Introduction: Out-of-hospital cardiac arrest has a poor prognosis. The main aetiology is ischaemic heart disease.
Aim: To make a systematic review addressing the question: "In patients with return of spontaneous circulation following out-of-hospital cardiac arrest, does acute coronary angiography with coronary intervention improve survival compared to conventional treatment?"
Methods: Peer reviewed articles written in English with relevant prognostic data were included. Comparison studies on patients with and without acute coronary angiography were pooled in a meta-analysis.
Results: Thirty-two non-randomised studies were included of which 22 were case-series without patients with conservative treatment. Seven studies with specific efforts to control confounding had statistical evidence to support the use of acute coronary angiography following resuscitation from out-of-hospital cardiac arrest. The remaining 25 studies were considered neutral. Following acute coronary angiography, the survival to hospital discharge, 30 days or six months ranged from 23% to 86%. In patients without an obvious non-cardiac aetiology, the prevalence of significant coronary artery disease ranged from 59% to 71%. Electrocardiographic findings were unreliable for identifying angiographic findings of acute coronary syndrome. Ten comparison studies demonstrated a pooled unadjusted odds ratio for survival of 2.78 (1.89; 4.10) favouring acute coronary angiography.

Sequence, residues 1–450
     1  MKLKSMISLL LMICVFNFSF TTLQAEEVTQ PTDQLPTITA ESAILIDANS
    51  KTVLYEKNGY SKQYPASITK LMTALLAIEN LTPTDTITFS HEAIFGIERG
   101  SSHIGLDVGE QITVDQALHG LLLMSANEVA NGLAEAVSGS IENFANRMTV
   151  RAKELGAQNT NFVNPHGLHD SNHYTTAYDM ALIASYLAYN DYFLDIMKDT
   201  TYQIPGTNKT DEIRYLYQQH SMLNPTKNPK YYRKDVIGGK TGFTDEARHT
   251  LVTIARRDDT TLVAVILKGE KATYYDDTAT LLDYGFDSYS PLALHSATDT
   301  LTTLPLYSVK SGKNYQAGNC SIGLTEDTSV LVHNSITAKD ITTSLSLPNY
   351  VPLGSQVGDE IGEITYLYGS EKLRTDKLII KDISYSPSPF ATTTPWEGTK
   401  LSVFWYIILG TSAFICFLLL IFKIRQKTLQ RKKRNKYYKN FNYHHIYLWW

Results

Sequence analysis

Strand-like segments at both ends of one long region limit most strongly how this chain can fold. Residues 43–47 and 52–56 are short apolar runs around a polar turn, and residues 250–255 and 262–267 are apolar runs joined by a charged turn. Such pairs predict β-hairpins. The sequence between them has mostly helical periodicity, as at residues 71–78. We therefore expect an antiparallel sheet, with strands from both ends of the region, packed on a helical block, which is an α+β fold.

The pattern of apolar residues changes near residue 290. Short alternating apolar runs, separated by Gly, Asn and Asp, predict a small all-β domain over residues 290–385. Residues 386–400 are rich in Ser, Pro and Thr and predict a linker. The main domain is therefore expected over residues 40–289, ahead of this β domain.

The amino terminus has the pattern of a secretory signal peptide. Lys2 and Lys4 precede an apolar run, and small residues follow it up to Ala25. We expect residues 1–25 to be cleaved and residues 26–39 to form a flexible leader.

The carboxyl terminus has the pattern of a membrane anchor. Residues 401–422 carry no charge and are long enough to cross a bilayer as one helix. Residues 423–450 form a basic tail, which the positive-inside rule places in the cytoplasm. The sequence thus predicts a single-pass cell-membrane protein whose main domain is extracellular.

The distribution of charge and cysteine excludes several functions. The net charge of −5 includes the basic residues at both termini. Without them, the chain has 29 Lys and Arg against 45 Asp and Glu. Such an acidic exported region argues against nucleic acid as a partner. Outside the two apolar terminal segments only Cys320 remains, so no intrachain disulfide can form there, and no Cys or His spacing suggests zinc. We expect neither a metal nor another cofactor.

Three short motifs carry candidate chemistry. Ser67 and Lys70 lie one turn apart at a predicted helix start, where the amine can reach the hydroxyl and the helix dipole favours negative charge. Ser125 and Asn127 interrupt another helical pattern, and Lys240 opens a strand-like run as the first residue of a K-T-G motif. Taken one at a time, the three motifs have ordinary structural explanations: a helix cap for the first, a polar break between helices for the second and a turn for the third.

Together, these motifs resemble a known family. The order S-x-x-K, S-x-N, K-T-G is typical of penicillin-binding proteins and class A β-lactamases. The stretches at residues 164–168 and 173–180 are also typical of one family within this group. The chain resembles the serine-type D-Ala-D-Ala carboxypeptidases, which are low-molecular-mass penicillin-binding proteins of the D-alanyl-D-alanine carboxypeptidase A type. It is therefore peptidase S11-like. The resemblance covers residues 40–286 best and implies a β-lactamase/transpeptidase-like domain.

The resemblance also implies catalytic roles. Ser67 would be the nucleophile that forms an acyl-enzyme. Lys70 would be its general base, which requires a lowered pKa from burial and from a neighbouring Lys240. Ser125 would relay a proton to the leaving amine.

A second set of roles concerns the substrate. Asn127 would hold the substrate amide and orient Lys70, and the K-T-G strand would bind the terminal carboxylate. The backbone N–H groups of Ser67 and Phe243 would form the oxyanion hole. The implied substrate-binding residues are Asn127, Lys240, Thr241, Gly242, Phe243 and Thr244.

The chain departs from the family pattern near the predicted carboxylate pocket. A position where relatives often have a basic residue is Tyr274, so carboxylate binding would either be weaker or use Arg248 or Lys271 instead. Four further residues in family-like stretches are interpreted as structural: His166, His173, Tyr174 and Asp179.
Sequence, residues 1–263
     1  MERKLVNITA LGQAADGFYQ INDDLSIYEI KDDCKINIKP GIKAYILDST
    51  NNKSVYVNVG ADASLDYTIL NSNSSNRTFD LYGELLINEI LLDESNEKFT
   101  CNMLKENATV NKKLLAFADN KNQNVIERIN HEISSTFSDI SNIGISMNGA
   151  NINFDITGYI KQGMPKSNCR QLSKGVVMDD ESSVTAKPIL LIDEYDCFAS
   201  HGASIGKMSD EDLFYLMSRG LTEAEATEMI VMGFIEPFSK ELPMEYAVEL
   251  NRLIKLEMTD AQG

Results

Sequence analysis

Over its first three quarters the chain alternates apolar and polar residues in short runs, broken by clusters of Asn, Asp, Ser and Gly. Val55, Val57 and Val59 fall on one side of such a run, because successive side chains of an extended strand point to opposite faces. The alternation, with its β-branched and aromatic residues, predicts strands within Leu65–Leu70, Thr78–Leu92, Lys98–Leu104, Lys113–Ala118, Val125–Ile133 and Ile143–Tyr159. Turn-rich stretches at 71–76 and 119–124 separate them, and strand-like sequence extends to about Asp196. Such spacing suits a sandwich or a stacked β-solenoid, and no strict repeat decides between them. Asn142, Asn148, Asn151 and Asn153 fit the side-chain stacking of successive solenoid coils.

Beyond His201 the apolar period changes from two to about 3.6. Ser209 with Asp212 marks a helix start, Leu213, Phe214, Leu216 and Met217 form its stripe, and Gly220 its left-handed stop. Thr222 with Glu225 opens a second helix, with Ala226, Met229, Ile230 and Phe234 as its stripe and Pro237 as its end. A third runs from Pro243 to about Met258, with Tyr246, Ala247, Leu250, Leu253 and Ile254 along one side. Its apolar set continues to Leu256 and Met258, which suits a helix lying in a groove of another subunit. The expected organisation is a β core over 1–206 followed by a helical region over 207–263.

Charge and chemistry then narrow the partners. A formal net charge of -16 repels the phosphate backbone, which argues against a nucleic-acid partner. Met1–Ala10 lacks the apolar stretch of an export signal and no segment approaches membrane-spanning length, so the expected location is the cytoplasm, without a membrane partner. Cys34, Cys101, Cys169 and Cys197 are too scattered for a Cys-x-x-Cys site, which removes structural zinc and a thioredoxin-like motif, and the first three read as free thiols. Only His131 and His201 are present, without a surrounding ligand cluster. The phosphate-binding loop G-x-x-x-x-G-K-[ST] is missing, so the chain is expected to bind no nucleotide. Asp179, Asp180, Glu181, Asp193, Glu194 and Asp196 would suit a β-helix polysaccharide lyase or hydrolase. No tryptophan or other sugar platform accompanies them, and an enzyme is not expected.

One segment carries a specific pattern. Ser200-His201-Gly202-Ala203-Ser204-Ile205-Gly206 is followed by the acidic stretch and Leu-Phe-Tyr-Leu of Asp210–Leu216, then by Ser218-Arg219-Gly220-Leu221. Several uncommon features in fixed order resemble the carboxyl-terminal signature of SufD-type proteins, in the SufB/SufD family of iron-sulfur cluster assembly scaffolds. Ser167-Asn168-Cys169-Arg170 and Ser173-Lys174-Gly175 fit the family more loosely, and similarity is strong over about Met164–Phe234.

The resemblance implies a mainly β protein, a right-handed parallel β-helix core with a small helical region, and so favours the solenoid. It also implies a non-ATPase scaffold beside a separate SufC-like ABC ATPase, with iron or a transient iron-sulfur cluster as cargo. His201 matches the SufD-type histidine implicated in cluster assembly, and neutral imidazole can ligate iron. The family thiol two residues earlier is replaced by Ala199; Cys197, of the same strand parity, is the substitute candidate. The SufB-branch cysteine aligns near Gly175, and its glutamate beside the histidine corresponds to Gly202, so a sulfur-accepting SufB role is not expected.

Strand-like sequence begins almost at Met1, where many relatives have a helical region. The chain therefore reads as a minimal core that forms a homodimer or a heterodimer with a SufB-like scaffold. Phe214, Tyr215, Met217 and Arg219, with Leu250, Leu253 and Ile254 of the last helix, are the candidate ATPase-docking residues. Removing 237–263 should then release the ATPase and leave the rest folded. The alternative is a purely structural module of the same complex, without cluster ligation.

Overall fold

Conclusion: No randomised studies exist on acute coronary angiography following out-of-hospital cardiac arrest. An increasing number of observational studies support feasibility and a possible survival benefit of an early invasive approach. In patients without an obvious non-cardiac aetiology, acute coronary angiography should be strongly considered irrespective of electrocardiographic findings due to a high prevalence of coronary artery disease.
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